334. Guidelines: 2022 AHA/ACC/HFSA Guideline for the Management of Heart Failure – Question #28 with Dr. Gregg Fonarow

The following question refers to Section 7.3 of the 2022 AHA/ACC/HFSA Guideline for the Management of Heart Failure.

The question is asked by Palisades Medical Center medicine resident & CardioNerds Academy Fellow Dr. Maryam Barkhordarian, answered first by Hopkins Bayview medicine resident & CardioNerds Academy Faculty Dr. Ty Sweeny, and then by expert faculty Dr. Gregg Fonarow.

Dr. Fonarow is the Professor of Medicine and Interim Chief of UCLA’s Division of Cardiology, Director of the Ahmanson-UCLA Cardiomyopathy Center, and Co-director of UCLA’s Preventative Cardiology Program.

The Decipher the Guidelines: 2022 AHA / ACC / HFSA Guideline for The Management of Heart Failure series was developed by the CardioNerds and created in collaboration with the American Heart Association and the Heart Failure Society of America. It was created by 30 trainees spanning college through advanced fellowship under the leadership of CardioNerds Cofounders Dr. Amit Goyal and Dr. Dan Ambinder, with mentorship from Dr. Anu Lala, Dr. Robert Mentz, and Dr. Nancy Sweitzer. We thank Dr. Judy Bezanson and Dr. Elliott Antman for tremendous guidance.

Enjoy this Circulation 2022 Paths to Discovery article to learn about the CardioNerds story, mission, and values.

Mr. Gene D’aMeTi, a 53-year-old African American man with ischemic cardiomyopathy and heart failure with reduced ejection fraction (LVEF 30-35%), is recently admitted with acutely decompensated heart failure and acute kidney injury on chronic kidney disease stage III. His outpatient regiment includes sacubitril-valsartan 97-103mg BID, carvedilol 25mg BID, and hydralazine 50mg TID.

Sacubitril-valsartan was held because of worsening renal function. Despite symptomatic improvement with diuresis, his renal function continues to decline. He is otherwise well perfused & with preservation of other end organ function.


Throughout this hospitalization, he has steadily become more hypertensive with blood pressures persisting in the 170s/90s mmHg. What would be an appropriate adjustment to his medication regimen at this time?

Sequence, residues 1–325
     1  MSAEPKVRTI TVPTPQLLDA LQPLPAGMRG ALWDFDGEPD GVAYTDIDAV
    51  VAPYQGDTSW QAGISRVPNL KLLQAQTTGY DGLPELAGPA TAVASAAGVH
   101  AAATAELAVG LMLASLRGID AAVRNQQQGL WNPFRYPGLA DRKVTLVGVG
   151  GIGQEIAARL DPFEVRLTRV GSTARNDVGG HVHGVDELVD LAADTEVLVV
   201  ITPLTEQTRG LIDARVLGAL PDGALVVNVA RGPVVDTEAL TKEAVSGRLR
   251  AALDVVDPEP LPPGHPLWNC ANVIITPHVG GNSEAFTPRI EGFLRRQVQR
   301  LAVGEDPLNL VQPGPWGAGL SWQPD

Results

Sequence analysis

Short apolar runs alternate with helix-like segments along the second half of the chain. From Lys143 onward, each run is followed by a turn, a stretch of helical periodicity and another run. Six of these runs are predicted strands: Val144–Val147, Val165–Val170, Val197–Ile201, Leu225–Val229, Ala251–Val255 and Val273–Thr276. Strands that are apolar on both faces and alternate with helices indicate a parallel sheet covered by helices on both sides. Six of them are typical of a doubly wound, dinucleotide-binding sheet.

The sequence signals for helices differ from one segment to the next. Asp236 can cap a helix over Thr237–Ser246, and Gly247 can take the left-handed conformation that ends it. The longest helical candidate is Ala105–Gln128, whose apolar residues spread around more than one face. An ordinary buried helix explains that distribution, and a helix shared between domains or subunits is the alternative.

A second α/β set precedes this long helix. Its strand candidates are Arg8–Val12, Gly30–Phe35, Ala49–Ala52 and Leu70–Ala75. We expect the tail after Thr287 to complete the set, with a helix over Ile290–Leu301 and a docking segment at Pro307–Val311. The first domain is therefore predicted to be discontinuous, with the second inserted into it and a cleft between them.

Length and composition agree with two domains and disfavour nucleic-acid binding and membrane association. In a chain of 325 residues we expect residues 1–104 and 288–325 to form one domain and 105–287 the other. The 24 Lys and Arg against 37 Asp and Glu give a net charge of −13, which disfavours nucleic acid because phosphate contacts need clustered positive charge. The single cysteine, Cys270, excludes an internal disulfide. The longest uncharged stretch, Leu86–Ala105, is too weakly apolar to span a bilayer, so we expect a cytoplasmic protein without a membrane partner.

Resume Losartan only


Start Amlodipine


Increase current Hydralazine dose


Start Isosorbide dinitrate therapy


Both C & D


The correct answer is E – both increasing the current hydralazine dose (C) and starting isosorbide dinitrate therapy (D).


Although ACEI/ARB therapy (choice A) has shown a mortality and morbidity benefit in HFrEF, caution should be used in patients with renal insufficiency. In this patient with ongoing decline in renal function, RAAS-inhibiting therapies (ACEi, ARB, ARNI, MRA) should be avoided. In this case, as his RAAS-I has been stopped, it would be reasonable to increase current therapies to target doses (or nearest dose tolerated), as these demonstrated both safety and efficacy in trials (Class 1, LOE A). Considering that his high dose ARNI was stopped, it is unlikely that either hydralazine or isosorbide dinitrate alone, even at maximal doses, would be sufficient to control his blood pressure (Options C and D, respectively). Interestingly, in the original study by Massie et. Al (1977), the decision was made to combine these therapies as the result was thought to be superior to either medication alone. ISDN would provide preload reduction, while Hydralazine would decrease afterload. Consequently, we do not have data looking at the individual benefit of either medication in isolation.


In self-identified African Americans with NYHA class III or IV HFrEF already on optimal GDMT, the addition of hydralazine & isosorbide dinitrate is recommended to improve symptoms and reduce mortality and morbidity (Class 1, LOE A). In this case, as the patient has evidence of progressive renal disfunction, we are limited in using traditional RAAS-I, such as ACEI, ARB, or ARNI. In patients with current or previously symptomatic HFrEF who cannot be given first-line agents (like ARNi, ACEi, ARB) due to intolerance or renal insufficiency, combination therapy of hydralazine & isosorbide dinitrate might be considered to reduce morbidity and mortality (Class 2b, LOE C-LD).


Dihydropyridine calcium channel blockers such as Amlodipine (choice B) are not recommended for treatment of HFrEF (COR 3, LOE A), though may be considered for treating elevated blood pressure despite optimization of GDMT.

Main Takeaway

In self-identified African Americans, the addition of hydralazine & isosorbide dinitrate to GDMT has additional mortality & morbidity benefits.


Should a patient have drug intolerances or renal dysfunction that precludes the use of ACEi/ARB/ARNi, hydralazine & isosorbide dinitrate is a reasonable alternative.

Guideline Loc.

·       Section 7.3.5-8

·       Table 14, Table 15

334. Guidelines: 2022 AHA/ACC/HFSA Guideline for the Management of Heart Failure – Question #28 with Dr. Gregg Fonarow
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